Eight years ago this morning I went home sick

Friday, September 11th, 2009

Eight years ago this morning I went home from work sick. I usually don’t remember being sick but then most of us remember what we were doing eight years ago today.

After word of the first aircraft hitting the World Trade Center reached me and my office mate, we found live coverage on the web minutes before the second aircraft struck. I remember we watched in silence as stunned as everyone else in America that morning. Seeing that plane vaporize when it hit the second tower, you instantly knew hundreds of lives had ended, right then. You could almost feel it. Like the world lost something that very second.

Its true that thousands, some sources say 70,000 people die each day in the world, so the loss of hundreds somehow shouldn’t affect us, but seeing it, realizing these people hadn’t prepared, hadn’t said goodbye…you could feel the loss. After the tragedy at Virginia Tech, poet Nikki Giovanni wrote “No one deserves a tragedy” words she later spoke in a resolute tone that lifted the tear-stained faces and brought that community up from its knees filled with a resolve to restore their spirit and move forward. That didn’t really happen after the losses eight years ago. I often wonder how the world might have been different if the poet-laureate of the United States had been able to lift us up, restore our spirit and embrace the good will the world focused on us towards addressing the underlying problems that provoked these extreme attacks.

But that day, the poets were silent on the national stage and instead, we embarked on a path of retribution that cost the world thousands more lives, cost us some of our best citizens, and squandered the good name of our country.

Extremism in any form, for any purpose, is a danger we must all stand together to oppose, be it Christian extremism that results in doctors being killed while they worship, Islamic extremism that results in women being stoned to death for driving a car, Communist extremism that slaughters peaceful protesters in Bejing or Capitalist extremism that results in slave labor to produce cheap goods for big-box retailers. If we don’t stand together as the people, those few who live their lives in fear, anger and righteousness will act. They will stop at nothing to have their fight, especially if they don’t have to fight it…only our voices, our unified voices are strong enough to squelch their bellicose rants that underpin the run-up to violence.

I watched the coverage of the towers, engulfed in flames, the street scenes of people running from the WTC site, and of the uniformed services personnel running towards the site. Who are these people who race towards disaster? They are the heroes among us, our neighbors, our friends, some trained and employed to help us during tragedies, some ordinary people who just know…someone needs help…and they offer it without thinking of their personal safety.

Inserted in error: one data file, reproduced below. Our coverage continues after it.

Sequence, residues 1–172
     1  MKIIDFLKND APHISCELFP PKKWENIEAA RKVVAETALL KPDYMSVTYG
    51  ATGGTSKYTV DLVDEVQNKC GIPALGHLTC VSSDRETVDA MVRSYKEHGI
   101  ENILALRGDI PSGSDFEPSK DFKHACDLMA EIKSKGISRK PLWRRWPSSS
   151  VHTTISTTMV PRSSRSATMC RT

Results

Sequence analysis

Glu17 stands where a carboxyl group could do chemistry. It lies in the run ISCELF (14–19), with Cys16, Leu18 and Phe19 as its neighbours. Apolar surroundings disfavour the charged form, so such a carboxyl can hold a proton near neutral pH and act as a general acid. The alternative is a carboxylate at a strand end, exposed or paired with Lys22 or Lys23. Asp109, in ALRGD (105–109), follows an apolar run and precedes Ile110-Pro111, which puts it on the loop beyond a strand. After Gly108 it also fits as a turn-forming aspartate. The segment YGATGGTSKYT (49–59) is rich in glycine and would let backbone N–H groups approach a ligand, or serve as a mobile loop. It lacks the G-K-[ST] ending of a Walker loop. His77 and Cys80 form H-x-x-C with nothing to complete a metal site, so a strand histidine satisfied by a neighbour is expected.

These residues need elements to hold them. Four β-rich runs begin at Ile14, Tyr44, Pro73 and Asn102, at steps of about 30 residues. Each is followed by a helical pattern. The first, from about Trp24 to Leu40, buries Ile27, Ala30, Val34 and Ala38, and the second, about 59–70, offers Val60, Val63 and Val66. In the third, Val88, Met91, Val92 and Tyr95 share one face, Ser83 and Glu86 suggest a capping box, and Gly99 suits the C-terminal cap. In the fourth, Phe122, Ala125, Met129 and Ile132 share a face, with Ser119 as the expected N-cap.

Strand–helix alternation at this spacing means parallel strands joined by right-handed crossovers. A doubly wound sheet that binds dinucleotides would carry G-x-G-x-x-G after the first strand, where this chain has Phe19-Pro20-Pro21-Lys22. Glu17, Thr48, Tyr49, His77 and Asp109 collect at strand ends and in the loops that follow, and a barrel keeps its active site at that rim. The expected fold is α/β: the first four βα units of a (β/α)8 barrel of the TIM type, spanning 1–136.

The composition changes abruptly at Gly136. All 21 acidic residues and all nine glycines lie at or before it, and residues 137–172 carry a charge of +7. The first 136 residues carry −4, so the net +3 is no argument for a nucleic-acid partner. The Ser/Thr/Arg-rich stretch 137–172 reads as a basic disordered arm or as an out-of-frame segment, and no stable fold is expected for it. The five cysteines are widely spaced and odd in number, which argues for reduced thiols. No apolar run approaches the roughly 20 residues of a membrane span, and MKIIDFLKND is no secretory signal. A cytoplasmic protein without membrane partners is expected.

Dozens of stories of ordinary heroes emerged from that morning’s tragedy. One that strikes me, that makes me aspire to be a better citizen, is the story of the passengers on United Flight 93. They knew what their aircraft was being used for. They knew what would happen if they did not act. They knew what would happen if they did act…and yet, they acted. We don’t know for sure what they prevented, or who they saved. But it was likely they saved many of the people who disrespected the President the other night in the joint session. Ordinary people, gave their lives so elected representatives could act like insolent children, they should be ashamed, but like many who hold extreme beliefs, they felt empowered to act as they did. The worst part about that was the millions of children who watched and now sit in the back of classrooms, scanning their cell phones, rolling their eyes because their elected representatives said through their actions “its ok” “if you believe you are right, any behavior is acceptable.” Its hard to not imagine this point of view being passed back and forth in the cockpits of those aircraft eight years ago.

“No one deserves a tragedy.” As the first tower fell, I couldn’t believe it. These were robust buildings, conservatively engineered, the best our building culture could do, they were never supposed to fall. I saw that and my foundation, my core beliefs were cut out from under me. I felt sick. Went home, saw the other tower fall, and was sick again.

We still need a poet to take the national stage and lift us up to beat back the drums of war. A war that we are still fighting eight years later, a war we will still be fighting eight years from now…all for the want of a poet’s voice.

Be especially good to each other today. We all carry wounds from eight years ago, some more painful than others.
Take Care, speak out.